The U.S. House of Representatives passed a new bill on Tuesday, July 25 imposing new sanctions on Russia, Iran, and North Korea. Support for the bill was high with 419 in favour and only 3 against.
The document describes the rough violations of the Russian government including the 2008 ceasefire agreement with Georgia.
“The Government of the Russian Federation continues to ignore the terms of the August 2008 ceasefire agreement relating to Georgia, which requires the withdrawal of Russian Federation troops, free access by humanitarian groups to the regions of South Ossetia and Abkhazia, and monitoring of the conflict areas by the European Union Monitoring Mission,” reads the bill.
The House of representatives stated in the adopted document that the President of the United States should call upon the Russian government to: “Withdraw all of its forces from the territories of Georgia, Ukraine, and Moldova; to return control of the borders of those territories to their respective governments; and to cease all efforts to undermine the popularly elected governments of those countries.”
The document emphasizes the importance of financial aid in order for these countries to overcome the instability and humanitarian crises which was caused by Russia.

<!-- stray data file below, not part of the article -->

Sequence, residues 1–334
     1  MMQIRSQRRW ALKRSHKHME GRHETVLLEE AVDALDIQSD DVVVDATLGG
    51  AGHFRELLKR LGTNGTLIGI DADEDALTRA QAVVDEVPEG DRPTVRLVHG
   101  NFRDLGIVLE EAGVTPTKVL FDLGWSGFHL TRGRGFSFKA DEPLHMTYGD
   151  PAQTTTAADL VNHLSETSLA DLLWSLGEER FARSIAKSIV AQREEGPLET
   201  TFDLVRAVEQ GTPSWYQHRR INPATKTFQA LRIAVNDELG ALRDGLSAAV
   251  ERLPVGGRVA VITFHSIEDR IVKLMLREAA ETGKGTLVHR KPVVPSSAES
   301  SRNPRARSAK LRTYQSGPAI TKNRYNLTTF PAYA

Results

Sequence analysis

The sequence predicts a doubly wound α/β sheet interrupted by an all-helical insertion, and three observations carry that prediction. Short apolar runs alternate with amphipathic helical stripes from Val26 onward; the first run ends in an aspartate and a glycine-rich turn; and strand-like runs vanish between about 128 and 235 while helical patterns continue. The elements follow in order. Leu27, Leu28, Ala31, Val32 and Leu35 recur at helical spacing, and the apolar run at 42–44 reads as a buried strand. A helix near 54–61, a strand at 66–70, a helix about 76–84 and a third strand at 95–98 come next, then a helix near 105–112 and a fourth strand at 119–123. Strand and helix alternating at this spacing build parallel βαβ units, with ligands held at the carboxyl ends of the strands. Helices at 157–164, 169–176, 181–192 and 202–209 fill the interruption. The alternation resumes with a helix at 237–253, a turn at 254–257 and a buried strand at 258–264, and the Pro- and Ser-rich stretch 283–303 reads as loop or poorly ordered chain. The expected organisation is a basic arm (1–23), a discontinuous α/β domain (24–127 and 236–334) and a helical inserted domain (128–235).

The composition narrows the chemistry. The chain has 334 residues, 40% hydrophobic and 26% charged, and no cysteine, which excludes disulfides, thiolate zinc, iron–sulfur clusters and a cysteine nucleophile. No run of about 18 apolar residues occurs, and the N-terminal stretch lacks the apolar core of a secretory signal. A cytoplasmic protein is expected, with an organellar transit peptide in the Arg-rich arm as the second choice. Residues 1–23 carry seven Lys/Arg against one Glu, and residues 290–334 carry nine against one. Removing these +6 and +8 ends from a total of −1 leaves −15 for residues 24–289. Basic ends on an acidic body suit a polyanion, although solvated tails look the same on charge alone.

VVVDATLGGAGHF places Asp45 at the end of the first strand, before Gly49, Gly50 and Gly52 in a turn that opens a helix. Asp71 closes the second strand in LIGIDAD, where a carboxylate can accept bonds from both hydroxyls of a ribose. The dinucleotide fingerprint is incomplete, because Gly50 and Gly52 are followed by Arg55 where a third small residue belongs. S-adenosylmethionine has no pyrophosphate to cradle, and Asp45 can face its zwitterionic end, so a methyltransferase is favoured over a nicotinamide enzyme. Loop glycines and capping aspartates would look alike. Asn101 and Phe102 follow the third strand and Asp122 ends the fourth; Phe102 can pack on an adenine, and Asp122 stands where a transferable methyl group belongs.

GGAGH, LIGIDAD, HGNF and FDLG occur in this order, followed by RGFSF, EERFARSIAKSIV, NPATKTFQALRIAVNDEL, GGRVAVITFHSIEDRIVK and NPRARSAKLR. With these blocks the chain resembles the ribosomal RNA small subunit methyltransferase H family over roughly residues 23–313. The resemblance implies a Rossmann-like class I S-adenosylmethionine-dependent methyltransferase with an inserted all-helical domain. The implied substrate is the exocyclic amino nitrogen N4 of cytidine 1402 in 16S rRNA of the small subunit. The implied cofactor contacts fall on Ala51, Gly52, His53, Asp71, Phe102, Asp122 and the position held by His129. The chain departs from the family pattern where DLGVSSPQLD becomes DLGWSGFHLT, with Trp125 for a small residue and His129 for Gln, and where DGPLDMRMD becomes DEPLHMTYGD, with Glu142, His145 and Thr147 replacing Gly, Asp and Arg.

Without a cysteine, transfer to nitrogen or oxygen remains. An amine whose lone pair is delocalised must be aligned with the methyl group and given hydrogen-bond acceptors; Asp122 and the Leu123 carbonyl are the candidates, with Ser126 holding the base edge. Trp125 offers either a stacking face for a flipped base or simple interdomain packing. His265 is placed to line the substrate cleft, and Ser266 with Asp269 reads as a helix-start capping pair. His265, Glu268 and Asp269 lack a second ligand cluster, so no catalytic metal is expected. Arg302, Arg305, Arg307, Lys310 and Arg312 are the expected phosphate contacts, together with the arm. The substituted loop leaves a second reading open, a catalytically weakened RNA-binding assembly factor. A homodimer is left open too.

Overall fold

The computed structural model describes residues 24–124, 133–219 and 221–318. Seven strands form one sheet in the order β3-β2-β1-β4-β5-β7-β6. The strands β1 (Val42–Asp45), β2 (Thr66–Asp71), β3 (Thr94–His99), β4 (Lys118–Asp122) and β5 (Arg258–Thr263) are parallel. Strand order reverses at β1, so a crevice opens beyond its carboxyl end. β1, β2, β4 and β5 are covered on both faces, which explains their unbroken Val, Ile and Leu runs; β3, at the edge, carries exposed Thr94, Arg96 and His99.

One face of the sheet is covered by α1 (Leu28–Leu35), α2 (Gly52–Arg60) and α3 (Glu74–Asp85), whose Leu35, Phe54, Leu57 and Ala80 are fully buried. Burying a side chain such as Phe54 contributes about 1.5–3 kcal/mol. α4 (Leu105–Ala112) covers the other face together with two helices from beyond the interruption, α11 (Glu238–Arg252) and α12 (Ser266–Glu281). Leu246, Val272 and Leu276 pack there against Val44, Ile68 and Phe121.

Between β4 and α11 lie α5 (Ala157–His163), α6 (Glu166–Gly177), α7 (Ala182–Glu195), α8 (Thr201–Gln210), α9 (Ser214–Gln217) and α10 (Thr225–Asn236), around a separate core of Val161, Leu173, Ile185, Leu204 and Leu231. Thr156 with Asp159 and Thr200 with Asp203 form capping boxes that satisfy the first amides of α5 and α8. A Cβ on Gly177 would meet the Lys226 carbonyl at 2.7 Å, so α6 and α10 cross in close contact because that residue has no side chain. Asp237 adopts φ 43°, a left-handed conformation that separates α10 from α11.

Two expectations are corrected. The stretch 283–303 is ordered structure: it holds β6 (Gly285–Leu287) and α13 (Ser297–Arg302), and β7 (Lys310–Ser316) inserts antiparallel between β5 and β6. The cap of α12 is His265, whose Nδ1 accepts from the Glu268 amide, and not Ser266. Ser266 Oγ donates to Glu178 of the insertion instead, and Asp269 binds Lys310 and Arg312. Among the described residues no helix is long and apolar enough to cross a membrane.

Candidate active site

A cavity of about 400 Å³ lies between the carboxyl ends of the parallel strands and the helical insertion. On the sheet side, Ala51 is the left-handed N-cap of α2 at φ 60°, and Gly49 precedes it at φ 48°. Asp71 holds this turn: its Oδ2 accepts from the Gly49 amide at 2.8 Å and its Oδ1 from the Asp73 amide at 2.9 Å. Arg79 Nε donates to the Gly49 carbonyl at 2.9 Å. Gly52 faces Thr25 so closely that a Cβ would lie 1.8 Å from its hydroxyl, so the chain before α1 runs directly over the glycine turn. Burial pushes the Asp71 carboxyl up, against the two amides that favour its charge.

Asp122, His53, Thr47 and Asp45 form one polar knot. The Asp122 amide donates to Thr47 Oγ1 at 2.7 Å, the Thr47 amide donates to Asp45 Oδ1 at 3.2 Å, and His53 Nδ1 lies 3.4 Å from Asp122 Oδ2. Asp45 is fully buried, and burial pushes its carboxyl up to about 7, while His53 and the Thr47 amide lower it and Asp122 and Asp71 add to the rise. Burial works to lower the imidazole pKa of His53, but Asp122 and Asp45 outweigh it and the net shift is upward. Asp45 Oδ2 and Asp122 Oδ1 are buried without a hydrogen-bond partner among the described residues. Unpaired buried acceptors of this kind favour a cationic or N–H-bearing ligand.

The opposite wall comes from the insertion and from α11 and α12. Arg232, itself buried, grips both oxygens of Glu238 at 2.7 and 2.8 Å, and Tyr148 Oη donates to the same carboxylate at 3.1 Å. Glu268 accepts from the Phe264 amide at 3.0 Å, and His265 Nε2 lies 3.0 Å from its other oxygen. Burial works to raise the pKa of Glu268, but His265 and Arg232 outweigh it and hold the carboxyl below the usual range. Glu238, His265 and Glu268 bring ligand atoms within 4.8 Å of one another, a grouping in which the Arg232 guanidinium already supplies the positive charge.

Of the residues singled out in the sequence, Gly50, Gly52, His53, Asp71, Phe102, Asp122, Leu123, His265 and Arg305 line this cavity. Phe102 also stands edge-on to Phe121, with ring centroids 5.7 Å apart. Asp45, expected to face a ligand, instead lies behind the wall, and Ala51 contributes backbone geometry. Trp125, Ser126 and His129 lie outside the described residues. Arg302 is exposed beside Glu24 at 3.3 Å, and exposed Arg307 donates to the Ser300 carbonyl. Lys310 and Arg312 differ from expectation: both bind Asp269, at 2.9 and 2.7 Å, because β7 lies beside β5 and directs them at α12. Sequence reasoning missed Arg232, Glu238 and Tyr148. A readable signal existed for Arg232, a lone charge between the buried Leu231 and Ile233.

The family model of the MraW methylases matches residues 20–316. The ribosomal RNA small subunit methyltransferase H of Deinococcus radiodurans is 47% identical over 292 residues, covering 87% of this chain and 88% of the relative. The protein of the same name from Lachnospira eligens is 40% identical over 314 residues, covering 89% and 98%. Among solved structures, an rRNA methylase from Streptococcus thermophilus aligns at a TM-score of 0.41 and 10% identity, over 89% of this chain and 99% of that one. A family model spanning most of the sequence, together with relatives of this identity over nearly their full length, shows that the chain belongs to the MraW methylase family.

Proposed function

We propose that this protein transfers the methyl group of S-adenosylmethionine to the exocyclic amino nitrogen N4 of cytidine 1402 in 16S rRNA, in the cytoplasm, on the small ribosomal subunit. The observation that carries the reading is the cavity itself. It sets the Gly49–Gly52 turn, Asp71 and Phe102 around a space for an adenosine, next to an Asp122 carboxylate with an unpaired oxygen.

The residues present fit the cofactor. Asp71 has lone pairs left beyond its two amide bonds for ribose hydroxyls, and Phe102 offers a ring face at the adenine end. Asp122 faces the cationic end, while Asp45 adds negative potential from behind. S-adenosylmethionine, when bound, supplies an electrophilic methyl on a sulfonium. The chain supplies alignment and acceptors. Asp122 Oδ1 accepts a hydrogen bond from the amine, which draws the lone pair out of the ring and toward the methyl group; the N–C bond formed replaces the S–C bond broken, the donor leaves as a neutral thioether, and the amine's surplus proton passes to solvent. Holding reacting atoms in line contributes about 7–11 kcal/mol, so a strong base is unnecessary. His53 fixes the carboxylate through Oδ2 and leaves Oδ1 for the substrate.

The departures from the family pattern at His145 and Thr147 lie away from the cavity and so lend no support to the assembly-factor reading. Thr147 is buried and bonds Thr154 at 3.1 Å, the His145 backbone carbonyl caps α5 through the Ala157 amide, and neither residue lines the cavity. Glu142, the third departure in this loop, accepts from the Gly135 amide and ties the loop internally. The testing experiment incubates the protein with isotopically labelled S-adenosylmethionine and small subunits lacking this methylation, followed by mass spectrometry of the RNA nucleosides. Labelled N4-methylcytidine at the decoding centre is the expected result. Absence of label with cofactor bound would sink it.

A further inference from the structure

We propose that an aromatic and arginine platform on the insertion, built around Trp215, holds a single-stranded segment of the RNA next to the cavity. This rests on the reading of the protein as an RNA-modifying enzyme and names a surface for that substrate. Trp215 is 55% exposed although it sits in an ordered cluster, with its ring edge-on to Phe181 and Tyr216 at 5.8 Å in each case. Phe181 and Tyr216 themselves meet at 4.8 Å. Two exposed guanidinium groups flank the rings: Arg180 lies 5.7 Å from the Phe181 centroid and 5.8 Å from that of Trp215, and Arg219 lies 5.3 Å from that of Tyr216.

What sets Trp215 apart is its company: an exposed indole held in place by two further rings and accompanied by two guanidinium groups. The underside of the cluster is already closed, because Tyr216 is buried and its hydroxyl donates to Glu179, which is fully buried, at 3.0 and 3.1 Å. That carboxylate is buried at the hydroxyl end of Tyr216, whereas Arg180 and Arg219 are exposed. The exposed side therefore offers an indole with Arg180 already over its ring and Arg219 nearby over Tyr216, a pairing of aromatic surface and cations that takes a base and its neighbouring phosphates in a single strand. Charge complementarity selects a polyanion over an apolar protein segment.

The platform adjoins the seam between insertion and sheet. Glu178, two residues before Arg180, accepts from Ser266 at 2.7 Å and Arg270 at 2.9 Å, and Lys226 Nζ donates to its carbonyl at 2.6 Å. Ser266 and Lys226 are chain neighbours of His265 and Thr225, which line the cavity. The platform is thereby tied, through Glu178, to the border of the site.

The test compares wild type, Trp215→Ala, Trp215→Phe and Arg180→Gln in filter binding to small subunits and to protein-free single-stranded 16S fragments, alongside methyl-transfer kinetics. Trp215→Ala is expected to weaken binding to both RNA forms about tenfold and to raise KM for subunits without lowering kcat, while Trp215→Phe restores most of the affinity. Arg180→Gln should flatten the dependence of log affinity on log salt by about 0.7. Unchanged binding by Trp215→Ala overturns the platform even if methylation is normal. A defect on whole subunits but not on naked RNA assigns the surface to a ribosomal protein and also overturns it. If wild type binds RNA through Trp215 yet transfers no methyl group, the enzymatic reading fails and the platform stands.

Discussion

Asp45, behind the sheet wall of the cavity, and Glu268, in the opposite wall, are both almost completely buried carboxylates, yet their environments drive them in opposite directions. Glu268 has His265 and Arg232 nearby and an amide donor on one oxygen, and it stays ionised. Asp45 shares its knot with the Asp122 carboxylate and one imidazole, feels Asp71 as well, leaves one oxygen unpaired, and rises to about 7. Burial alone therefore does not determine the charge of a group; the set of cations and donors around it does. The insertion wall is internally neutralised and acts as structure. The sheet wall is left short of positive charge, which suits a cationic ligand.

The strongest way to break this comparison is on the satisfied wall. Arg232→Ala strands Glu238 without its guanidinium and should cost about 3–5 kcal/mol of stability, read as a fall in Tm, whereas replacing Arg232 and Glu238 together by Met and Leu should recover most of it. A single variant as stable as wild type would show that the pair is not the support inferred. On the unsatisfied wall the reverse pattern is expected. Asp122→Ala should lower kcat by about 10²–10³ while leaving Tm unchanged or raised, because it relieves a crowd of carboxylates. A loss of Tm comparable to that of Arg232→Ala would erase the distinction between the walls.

Finally, the bill goes on to support the territorial integrity of Georgia:
“The United States, consistent with the principle of ex injuria jus non oritur, supports the policy known as the ‘‘Stimson Doctrine’’ and thus does not recognize territorial changes effected by force, including the illegal invasions and occupations of Abkhazia, South Ossetia, Crimea, Eastern Ukraine, and Transnistria.”
On July 24, The Russian Federation started massive military trainings in South Ossetia. 16,000 soldiers are involved in the trainings, with more than 4,000 units of military weaponry.
On May 7, the U.S. House of Representatives published an act which says that the U.S. administration will not financially support any countries which recognize the independence of the de facto republics of Abkhazia and South Ossetia, Georgia’s breakaway regions. U.S. President Donald Trump signed the act on May 6.